This essay demonstrates the interrelationship between the historical source (Livy, Ab Urbe Condita LVIII-LX) and the literary source (Ovid, Fasti, II. 721-852) present in the construction, or rather, in “the artistic scheme,” of Shakespeare’s Rape of Lucrece. The “Argument,” written in prose and the text of the narrative poem reveal Shakespeare’s synchronic engagement with both Clio and Calliope. The synergistic interaction between the two parts proves that Shakespeare either consciously or unconsciously joined the ongoing discussion on the interaction between history and poetry. Falling in line with the sixteenth-century debate on the credibility of historical sources, the reading of Lucrece encourages the reader to judge the so-called authenticity or actuality of past events as depicted in different genres of literary texts. In other words, as a two-part structure Shakespeare’s Lucrece invites the analysis of the relationship between history/historiography and poetry, in which one of the essential elements is the question of the process of interpreting both historical and poetic narrative texts and their use of language, style, form and literary genre.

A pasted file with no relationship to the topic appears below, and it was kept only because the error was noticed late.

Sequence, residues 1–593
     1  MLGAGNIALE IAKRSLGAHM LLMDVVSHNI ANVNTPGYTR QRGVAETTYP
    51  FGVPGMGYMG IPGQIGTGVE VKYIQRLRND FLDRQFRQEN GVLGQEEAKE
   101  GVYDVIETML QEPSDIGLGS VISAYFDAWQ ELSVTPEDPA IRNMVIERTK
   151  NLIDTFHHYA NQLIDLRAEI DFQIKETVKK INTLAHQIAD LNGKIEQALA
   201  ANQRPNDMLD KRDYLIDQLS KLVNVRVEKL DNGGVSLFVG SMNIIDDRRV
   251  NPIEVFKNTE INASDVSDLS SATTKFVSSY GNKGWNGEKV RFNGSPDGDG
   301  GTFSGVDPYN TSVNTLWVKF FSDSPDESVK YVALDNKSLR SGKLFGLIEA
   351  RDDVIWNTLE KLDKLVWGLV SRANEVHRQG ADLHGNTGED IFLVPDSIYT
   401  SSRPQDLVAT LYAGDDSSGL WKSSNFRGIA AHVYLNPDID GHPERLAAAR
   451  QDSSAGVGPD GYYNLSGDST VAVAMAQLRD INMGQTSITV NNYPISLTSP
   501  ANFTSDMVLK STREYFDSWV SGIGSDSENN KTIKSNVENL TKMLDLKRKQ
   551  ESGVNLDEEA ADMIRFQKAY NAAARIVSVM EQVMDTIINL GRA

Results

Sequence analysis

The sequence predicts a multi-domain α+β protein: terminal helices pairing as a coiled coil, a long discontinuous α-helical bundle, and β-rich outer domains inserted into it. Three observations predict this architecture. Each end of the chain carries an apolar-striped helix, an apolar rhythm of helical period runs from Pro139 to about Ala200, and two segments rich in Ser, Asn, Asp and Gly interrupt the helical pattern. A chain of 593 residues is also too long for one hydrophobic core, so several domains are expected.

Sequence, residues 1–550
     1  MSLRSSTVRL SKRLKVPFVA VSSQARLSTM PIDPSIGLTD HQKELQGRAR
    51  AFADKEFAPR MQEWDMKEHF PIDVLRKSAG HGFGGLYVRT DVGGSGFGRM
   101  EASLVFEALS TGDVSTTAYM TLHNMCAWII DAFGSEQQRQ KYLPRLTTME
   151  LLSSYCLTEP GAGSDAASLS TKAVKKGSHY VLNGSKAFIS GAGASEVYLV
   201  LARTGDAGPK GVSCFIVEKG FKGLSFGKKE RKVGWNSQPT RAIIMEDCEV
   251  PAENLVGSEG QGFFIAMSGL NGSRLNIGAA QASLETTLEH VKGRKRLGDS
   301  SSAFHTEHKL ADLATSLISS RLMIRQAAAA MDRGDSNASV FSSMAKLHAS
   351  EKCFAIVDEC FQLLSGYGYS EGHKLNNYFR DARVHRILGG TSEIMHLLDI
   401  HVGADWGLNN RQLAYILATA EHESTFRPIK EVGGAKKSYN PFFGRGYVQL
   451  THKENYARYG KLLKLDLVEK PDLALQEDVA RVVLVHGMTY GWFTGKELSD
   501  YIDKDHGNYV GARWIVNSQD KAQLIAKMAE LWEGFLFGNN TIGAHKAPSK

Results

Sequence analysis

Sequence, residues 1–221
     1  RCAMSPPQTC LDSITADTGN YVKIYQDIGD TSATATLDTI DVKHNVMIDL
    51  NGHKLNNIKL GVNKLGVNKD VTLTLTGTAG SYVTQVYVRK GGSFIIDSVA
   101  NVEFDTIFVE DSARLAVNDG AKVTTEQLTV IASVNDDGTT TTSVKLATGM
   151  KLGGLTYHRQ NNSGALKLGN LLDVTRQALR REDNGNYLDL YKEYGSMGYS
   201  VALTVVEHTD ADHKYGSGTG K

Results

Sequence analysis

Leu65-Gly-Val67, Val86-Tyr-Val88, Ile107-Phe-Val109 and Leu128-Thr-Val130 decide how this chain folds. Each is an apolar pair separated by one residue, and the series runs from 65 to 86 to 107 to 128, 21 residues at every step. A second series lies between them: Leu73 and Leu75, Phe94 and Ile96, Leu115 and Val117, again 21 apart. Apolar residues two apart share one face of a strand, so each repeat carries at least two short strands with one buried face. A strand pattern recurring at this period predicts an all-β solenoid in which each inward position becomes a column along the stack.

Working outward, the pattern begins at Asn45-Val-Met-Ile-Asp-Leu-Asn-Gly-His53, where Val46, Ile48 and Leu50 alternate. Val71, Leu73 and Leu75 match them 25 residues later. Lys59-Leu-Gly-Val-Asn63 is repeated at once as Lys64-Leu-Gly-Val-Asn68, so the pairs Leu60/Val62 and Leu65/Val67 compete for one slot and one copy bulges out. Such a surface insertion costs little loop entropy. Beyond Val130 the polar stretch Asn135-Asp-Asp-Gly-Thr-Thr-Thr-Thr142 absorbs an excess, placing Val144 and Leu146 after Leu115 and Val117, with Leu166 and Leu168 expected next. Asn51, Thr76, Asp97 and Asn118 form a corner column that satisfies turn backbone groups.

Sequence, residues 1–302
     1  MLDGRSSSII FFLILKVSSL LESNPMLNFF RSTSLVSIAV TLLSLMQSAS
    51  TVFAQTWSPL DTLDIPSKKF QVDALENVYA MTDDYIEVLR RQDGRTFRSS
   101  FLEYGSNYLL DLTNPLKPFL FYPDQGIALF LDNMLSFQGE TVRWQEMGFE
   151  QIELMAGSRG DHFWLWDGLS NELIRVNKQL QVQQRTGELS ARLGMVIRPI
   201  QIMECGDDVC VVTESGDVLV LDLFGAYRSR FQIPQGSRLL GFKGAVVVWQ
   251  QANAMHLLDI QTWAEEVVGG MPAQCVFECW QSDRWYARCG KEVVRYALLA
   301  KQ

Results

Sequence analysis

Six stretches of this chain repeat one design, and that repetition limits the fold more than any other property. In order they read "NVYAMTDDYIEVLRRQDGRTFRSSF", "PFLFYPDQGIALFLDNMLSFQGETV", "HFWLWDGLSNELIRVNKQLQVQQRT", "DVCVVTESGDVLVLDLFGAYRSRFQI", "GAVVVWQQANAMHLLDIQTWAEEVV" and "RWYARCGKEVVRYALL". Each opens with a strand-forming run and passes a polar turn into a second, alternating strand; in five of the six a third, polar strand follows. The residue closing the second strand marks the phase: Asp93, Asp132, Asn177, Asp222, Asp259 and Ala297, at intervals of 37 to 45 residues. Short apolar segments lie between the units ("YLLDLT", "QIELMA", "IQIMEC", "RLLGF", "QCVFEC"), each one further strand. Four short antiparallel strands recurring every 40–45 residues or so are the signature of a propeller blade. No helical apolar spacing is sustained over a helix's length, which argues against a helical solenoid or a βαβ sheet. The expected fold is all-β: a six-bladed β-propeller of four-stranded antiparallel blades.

Shakespeare, William; Theatre; Historical sources; Literary sources; Rape of Lucrece